Really wanting to dive in, I spent 2 months at Nihue Rao in 2014, then went back in 2015, and again in 2016 for more diets, going deeper each time. I love this center. It feels like a second home. The staff is friendly, and I’ve been practicing and improving my Spanish. The flow of each day while being on retreat, deep interpersonal connection and authentic sharing, seeing new guests come each week to be “softened” as the harder edge of life are cleaned off, then friends leaving each week; the waxing and waning of the moon, and the cycles of plants in the jungle where time is going slowly, being around all the plant communication molecules and insect, bird, animal sounds around, healing is deep. I haven’t been to another center, and after my experiences at Nihue Rao don’t have much of an interest; I’m appreciative of Ricardo’s dedication to his medicine practice, guidance and dedication to his own principles. If rough spots come up with my own diet, I’ve always been able to find someone to talk to; diets have a way of putting a magnifying glass on edges in social interactions so that something can be shown to us encouraging us to look down towards the root of whatever is holding a pattern in place which we wish to heal.
Many times I’ve had the thought that the medicine experience reveals the truth of the existence of actual magic, where willpower and intention is able to directly affect reality as desired. Love is a force field and we are able to perceive its flow within consciousness. The sounds of the birds and other night animals can become synchronistic within a ceremony, blending with thought and the icaros of the curanderos. I appreciate the strict dieting; eating just the bony fish (a meditation itself, in removing all the bones), and plantains, I’ve come to love the subtle flavors (if one can call it that). Nihue Rao feels to be a safe and what I’ve been calling an “a la carte” approach to work with ayahuasca and master plant dieting. You pay for the specific number of nights you desire (unless you come with a group), then reach out and find community and camaraderie with others who are there. I wouldn’t trade the art maloka for anything: the plant medicines love creativity, too.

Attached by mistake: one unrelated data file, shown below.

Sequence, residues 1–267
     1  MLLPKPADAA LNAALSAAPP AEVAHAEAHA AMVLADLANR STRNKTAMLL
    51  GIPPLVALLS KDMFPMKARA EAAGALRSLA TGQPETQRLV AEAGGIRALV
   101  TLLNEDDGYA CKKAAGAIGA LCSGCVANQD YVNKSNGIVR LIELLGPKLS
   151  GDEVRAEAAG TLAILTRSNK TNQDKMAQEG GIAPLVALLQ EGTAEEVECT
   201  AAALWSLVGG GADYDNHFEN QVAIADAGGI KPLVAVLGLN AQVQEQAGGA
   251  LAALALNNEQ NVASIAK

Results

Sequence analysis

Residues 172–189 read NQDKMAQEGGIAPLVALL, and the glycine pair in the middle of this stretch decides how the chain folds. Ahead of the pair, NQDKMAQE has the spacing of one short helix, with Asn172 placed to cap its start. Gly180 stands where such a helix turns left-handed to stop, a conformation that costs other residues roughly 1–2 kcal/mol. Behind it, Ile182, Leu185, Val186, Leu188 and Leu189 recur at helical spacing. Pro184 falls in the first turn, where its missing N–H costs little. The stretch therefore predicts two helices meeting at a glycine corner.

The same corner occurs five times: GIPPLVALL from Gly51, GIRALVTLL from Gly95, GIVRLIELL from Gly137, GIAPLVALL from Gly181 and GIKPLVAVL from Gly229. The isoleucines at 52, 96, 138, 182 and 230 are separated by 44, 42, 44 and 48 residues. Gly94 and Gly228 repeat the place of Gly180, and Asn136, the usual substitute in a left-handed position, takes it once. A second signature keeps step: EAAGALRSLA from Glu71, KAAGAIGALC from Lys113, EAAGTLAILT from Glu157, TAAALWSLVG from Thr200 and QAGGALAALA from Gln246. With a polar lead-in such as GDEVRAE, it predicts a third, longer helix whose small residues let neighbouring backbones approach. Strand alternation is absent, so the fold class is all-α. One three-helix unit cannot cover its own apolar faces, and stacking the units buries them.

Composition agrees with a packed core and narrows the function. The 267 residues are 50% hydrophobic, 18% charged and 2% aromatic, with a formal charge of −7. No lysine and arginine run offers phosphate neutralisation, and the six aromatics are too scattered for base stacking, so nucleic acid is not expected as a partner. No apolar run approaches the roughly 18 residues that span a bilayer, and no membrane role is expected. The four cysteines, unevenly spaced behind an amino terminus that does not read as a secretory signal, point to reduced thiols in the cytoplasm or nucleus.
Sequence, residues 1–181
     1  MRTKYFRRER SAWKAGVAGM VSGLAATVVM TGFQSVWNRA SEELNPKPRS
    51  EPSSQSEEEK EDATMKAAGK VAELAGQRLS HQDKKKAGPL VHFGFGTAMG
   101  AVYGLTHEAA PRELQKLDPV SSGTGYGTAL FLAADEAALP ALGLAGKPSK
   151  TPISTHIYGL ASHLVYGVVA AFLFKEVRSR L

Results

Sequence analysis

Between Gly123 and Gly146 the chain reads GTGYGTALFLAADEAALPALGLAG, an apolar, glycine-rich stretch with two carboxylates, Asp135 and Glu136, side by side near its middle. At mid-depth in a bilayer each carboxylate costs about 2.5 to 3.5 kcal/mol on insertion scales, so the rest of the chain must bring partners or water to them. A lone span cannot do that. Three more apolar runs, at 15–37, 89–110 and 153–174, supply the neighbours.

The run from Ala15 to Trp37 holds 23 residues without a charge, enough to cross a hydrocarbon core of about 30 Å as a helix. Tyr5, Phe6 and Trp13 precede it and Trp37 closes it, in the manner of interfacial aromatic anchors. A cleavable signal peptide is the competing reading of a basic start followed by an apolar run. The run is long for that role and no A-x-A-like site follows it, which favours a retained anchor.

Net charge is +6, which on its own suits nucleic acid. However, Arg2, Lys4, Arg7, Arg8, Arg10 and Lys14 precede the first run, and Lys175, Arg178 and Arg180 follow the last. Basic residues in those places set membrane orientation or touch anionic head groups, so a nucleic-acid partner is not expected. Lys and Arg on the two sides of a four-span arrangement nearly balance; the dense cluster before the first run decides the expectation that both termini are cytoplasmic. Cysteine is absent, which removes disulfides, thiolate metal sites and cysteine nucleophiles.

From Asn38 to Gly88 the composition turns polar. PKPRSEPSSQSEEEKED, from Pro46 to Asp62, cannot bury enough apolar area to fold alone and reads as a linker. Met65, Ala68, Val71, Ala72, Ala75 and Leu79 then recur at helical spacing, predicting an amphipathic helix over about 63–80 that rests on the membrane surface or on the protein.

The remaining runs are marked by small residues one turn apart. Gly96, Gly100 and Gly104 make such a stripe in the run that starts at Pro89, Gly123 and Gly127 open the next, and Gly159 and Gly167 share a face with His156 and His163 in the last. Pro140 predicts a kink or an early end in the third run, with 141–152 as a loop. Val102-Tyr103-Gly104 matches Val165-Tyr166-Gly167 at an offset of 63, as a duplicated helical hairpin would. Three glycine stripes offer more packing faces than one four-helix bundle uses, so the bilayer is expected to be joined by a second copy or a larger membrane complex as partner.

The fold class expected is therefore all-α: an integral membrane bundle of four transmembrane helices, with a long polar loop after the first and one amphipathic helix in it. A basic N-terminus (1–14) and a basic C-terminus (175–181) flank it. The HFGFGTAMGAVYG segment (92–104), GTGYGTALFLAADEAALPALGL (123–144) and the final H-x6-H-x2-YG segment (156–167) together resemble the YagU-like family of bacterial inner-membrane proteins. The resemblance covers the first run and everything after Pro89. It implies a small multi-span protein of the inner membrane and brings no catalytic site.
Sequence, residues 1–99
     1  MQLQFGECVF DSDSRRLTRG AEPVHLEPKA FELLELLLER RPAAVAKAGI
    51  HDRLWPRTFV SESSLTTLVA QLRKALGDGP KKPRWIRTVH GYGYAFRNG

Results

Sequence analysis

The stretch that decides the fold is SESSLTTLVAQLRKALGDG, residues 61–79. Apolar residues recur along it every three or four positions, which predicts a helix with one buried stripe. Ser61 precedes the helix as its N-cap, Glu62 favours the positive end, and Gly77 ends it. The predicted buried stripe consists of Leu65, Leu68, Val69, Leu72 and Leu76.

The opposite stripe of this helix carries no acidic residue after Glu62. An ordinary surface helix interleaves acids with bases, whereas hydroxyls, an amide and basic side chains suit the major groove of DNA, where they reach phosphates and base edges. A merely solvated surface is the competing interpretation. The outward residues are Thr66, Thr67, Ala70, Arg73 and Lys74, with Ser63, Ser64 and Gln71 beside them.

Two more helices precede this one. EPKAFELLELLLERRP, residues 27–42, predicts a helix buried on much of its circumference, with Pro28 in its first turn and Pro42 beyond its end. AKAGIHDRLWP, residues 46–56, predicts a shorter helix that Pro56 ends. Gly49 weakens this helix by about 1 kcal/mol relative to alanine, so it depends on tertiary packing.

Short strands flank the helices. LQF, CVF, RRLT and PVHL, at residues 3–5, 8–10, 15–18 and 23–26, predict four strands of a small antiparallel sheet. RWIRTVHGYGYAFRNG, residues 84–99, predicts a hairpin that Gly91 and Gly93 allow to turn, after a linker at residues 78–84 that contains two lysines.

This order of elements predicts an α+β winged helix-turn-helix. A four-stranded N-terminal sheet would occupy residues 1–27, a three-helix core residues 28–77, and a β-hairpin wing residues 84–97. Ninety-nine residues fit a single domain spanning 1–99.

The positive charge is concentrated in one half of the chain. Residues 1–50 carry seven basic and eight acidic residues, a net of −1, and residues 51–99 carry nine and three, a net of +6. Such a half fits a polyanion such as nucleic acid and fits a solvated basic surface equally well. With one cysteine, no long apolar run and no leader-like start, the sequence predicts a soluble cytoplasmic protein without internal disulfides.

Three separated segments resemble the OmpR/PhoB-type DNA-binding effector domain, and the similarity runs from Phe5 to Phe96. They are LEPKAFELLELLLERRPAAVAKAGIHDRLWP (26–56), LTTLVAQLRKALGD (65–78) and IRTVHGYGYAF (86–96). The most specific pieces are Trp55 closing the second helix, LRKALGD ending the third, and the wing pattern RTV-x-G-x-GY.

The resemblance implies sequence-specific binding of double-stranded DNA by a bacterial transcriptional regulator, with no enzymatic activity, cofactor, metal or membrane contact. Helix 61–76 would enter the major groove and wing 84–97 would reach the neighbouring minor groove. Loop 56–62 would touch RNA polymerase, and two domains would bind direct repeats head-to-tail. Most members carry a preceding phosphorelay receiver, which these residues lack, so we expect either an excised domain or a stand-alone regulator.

To be sure, no place is a utopian paradise, but the staff and healers at Nihue Rao work hard to facilitate a healing experience for everyone, where the pasajeros (passengers a.k.a. guests) have the space to do the work of healing, within and without of ceremony.
My only advice is to seek out community and guidance for integration after your time with ayahuasca in the rainforest. I’ve experienced myself the rough aspects of life as new sensitivities come online as healing is taking place, and I don’t think this is talked about enough in the medicine community. Seek out integration circles and ways of being in contact with friends for support, in anchoring the life changes you wish, as well: I can’t emphasize these aspects enough.